This week’s National Main Streets Conference is designed for staff and volunteers who work daily within the program’s framework, so Hunter, Meyer & Myers, all of whom were present Tuesday, are sort of like tourists observing the faith and culture of a native population. Tuesday's day-opening general session offered some insights into group dynamics.
The program, a panel discussion, was entitled “A Four Point Approach to Economic Development,” a topic already covered during opening sessions on Sunday. Discussion Tuesday was focused on exploring the idea that all four “points” need to be more evenly focused on economic development without sacrificing the emphasis on preservation.
Main Street’s stated mission is to foster economic development within the context of historic preservation. The four points of the program’s incremental strategy, each represented by a management committee within Main Street communities, are design (traditionally most heavily involved in preservation), organization, promotion and economic restructuring (traditionally most heavily involved in the nuts and bolts of economic development).
The conclusions were unsurprising --- that yes, everyone involved in a Main Street program needs to work more effectively together and communicate more efficiently to ensure that all elements of the program remain integrated.
A concern among Main Street personnel seemed to be that despite the program’s proven development track record, politicians, government officials and traditional development types with no direct Main Street experience tend to underestimate its value.
If the program is perceived to be “too” focused on preservation or “too” focused on promotion, for example, that encourages the suspicion that it isn't sufficiently focused on development and therefore needn’t be taken as seriously as other strategies perceived to be tried and true.
That can be hazardous to programs in places like Texas and Montana, where proposed state budget cuts are ongoing threats to the future of state-supplied funding support.
I had a lot more fun during Bob Yapp’s nuts-and-bolts seminar entitled “Keeping Original Windows for Better Energy Efficiency.”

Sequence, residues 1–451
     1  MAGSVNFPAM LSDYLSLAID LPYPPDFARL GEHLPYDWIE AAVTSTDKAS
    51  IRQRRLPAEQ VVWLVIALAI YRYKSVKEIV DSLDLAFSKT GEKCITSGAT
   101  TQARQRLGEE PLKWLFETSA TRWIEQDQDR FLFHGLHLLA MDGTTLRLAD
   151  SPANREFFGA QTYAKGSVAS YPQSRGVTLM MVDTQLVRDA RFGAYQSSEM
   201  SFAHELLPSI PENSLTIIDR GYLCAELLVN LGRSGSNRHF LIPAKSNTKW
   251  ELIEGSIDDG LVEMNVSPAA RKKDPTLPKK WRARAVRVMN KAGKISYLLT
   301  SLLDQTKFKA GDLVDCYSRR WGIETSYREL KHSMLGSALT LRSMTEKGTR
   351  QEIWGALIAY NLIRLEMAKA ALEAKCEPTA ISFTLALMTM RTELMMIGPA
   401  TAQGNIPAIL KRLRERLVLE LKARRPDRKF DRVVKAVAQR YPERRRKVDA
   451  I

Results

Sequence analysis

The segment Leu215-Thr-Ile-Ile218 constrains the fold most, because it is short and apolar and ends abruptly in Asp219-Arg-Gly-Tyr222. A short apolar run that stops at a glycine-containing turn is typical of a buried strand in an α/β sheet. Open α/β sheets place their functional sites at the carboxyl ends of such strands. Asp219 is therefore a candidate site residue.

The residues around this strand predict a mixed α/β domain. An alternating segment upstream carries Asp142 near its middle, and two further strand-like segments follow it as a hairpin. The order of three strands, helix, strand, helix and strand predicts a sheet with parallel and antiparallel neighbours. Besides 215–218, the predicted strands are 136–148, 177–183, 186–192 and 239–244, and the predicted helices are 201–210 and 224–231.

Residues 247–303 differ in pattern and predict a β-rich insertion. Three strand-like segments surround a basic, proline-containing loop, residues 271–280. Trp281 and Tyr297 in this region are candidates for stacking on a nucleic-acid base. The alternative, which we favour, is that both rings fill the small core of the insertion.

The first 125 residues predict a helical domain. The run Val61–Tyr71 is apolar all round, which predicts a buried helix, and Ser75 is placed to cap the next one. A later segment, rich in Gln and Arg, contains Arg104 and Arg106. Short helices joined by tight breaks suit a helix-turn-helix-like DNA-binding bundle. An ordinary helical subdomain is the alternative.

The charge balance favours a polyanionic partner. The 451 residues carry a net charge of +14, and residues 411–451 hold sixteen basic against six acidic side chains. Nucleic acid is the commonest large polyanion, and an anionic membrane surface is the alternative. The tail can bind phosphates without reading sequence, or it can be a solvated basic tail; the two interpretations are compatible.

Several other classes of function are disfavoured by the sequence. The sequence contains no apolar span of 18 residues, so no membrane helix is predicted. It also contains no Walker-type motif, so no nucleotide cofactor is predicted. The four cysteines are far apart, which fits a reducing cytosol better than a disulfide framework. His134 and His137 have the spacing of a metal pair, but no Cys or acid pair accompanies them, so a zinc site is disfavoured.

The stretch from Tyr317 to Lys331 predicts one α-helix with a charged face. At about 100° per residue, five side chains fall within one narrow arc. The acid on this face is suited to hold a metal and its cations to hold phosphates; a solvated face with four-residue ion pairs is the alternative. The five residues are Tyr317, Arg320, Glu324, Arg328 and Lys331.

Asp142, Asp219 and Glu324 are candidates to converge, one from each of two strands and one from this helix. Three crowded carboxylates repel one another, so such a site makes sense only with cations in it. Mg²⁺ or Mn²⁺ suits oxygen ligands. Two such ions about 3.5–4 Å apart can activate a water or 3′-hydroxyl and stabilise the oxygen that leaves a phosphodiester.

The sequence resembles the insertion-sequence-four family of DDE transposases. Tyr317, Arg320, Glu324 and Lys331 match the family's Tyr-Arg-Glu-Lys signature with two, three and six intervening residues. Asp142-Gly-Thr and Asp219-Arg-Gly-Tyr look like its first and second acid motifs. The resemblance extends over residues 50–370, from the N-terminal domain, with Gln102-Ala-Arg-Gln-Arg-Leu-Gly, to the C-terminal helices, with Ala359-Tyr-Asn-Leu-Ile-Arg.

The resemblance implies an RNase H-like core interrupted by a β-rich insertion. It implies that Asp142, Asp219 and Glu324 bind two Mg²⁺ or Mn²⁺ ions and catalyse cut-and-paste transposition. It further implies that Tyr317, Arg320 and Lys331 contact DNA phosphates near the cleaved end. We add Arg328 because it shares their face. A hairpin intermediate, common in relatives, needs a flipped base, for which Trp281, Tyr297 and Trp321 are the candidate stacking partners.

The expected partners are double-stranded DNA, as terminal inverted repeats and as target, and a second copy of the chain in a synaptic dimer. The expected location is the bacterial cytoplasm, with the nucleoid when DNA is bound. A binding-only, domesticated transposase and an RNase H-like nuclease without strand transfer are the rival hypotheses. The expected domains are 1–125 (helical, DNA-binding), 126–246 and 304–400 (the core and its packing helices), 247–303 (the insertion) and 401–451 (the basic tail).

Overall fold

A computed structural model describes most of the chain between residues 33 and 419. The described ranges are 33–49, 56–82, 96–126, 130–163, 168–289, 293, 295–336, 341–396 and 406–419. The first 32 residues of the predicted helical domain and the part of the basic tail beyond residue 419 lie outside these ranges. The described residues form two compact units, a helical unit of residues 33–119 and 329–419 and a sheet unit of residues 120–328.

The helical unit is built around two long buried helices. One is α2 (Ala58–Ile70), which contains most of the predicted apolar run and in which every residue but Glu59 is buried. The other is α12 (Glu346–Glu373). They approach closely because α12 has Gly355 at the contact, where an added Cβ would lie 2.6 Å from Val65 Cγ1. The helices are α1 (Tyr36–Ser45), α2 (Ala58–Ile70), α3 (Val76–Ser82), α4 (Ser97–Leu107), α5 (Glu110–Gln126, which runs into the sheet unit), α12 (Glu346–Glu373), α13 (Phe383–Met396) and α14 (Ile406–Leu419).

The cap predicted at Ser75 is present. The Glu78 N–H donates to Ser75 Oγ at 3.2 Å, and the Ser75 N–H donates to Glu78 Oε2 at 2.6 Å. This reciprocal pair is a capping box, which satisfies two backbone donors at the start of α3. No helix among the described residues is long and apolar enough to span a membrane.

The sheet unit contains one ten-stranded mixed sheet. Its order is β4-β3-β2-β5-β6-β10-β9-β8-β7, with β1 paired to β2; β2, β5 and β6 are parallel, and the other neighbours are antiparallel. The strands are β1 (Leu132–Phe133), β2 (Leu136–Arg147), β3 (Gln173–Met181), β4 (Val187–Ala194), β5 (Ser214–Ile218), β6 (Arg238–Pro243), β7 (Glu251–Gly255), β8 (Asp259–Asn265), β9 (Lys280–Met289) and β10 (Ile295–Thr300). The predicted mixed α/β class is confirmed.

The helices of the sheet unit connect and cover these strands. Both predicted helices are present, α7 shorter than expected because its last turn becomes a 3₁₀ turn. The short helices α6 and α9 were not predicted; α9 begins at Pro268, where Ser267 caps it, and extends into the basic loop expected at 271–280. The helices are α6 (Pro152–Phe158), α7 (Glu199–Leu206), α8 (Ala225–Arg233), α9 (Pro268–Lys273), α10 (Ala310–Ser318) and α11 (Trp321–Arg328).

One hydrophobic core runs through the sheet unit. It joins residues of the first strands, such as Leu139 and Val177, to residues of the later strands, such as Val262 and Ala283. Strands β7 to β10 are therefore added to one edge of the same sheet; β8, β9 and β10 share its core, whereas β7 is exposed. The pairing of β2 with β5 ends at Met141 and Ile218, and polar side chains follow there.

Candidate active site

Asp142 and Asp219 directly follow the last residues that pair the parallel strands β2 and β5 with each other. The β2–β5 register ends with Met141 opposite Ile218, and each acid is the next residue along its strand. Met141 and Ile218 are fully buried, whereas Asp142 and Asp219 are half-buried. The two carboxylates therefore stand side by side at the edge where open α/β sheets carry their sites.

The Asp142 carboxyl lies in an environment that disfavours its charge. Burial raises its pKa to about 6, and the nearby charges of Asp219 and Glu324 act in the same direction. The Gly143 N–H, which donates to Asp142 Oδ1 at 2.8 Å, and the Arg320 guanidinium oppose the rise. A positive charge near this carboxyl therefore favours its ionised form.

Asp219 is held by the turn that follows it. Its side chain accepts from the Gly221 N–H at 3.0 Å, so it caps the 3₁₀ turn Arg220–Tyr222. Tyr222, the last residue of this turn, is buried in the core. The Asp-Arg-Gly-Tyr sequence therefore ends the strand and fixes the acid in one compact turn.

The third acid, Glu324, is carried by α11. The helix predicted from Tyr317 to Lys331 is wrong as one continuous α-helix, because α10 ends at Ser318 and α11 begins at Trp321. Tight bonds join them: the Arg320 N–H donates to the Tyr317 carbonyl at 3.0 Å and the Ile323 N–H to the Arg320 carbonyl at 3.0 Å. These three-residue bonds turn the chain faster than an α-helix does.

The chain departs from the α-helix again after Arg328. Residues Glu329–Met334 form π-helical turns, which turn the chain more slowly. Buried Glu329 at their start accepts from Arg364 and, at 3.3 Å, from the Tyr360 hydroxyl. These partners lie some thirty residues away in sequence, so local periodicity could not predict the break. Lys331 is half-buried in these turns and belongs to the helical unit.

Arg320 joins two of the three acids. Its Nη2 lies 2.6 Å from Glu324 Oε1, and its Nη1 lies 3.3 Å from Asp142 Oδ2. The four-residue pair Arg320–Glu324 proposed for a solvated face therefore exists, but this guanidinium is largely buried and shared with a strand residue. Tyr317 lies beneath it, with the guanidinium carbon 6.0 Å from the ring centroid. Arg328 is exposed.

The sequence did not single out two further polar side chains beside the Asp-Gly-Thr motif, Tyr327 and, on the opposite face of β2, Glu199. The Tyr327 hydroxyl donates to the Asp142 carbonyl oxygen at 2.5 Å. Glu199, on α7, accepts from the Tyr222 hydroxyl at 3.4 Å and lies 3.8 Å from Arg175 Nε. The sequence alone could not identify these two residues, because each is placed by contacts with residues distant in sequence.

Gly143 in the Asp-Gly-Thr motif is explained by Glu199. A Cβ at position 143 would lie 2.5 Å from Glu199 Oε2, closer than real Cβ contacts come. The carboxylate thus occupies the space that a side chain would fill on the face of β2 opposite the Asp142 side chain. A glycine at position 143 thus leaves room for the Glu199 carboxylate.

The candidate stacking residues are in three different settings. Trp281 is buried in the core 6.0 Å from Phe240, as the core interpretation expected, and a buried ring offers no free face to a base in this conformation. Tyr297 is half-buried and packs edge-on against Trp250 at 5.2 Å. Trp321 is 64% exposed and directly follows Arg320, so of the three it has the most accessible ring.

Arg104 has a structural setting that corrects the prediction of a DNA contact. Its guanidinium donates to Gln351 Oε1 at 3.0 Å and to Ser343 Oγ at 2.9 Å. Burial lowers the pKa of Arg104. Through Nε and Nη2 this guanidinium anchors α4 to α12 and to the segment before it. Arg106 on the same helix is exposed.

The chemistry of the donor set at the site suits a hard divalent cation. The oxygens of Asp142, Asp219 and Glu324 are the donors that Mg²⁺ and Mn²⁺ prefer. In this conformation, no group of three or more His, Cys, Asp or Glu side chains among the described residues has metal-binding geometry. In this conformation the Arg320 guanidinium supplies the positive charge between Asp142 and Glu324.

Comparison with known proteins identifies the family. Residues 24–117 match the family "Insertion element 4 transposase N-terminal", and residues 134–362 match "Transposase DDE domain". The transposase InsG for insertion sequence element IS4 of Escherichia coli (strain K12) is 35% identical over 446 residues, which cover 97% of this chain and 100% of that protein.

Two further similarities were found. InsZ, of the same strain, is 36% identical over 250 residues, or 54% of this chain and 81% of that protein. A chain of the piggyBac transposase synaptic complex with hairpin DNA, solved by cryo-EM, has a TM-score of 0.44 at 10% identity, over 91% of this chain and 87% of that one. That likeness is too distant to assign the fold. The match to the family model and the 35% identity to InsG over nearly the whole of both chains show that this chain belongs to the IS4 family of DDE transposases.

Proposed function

Yapp, a Des Moines native and professional preservationist and restorer who now lives in Hannibal, Missouri, probably is most widely known as the host of a 52-episode PBS series entitled “About Your House with Bob Yapp,” underwritten by the National Trust.
Yapp currently is developing in a restored Hannibal mansion the Belvedere School for Practical Preservation, already the go-to place for those who want to learn how to restore the windows of historic structures. He also is a lively, very entertaining and highly opinionated presenter.
If you’ve ever considered vinyl or other replacement windows in a vintage structure, for example, you might want to consider Yapp’s contention that window replacement is an “epidemic,” that suggestions old wooden windows need to be replaced to increase energy efficiency is a “big lie,” and that “it’s time to stop this madness.”
Yapp says that a properly restored vintage window is far more durable, more energy efficient and less expensive than any replacement, vinyl or wood. And historically accurate, too.
He had especially harsh woods for vinyl, “the least green product on the market” but now used extensively for both windows and siding; for “insulated” glass windows, which he contends have a life expectancy of only a few years because of the way panels are assembled and actually are not efficient at all; and for metal-clad wooden widows, more prone to rot than bare wood according to Yapp.
I sat in on two afternoon seminars, too --- both interesting and useful but unremarkable. One dealt with evaluation of events, promotional and otherwise; and the other, with organizational use of social media (FaceBook, Twitter and the like).
We'll be back in Des Moines early today for the general session, “Overcoming Challenges to Growing Your Organization.” I plan to attend south Iowa’s own Molly Myers Nauman’s seminar, “What Makes that Building Special? Learning How to ‘Read’ the Buildings along Main Street.” The closing plenary, featuring Stephanie Meeks, National Trust president, begins at noon --- and then we’ll be done. Or ready to begin, perhaps.
Heavy rain, scattered hail, wind and lots of lightning and thunder here overnight. For the first time in a long time the combination blasted me out of bed and downstairs to turn on the porch lights and try to see what was going on.
The forecast is for more of the same today --- the kind of day you appreciate Des Moines' extensive downtown skywalk network. That system has been criticized in the past for diverting foot traffic and therefore "life" from the sidewalks below, but it sure does come in handy when the variability of Iowa weather is concerned.
I've been parking cheap --- for free, actually, in the huge lot north of Veterans Auditorium, then walking the pleasant three blocks downhill to the plex. In unfriendly weather, it's equally possible to cross the street, enter the skywalk, then wind high and dry through buildings and across alleys and streets to emerge in the convention complex's second-story lobby. Can't beat that.